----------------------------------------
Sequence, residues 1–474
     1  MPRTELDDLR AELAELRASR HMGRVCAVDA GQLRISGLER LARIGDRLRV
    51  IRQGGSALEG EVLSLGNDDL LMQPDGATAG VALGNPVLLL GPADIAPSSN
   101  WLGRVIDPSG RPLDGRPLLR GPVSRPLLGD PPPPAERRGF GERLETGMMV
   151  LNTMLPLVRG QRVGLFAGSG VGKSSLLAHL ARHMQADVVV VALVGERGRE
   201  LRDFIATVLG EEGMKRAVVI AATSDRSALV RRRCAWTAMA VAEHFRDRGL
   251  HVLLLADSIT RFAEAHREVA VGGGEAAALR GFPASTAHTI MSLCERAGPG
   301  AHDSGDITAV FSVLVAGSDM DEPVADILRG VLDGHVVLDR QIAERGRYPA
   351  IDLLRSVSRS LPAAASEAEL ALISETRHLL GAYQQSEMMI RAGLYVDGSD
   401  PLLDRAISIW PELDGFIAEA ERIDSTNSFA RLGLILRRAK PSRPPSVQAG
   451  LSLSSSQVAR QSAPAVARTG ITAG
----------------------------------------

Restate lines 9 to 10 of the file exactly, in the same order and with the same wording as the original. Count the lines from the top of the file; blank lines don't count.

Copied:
   351  IDLLRSVSRS LPAAASEAEL ALISETRHLL GAYQQSEMMI RAGLYVDGSD
   401  PLLDRAISIW PELDGFIAEA ERIDSTNSFA RLGLILRRAK PSRPPSVQAG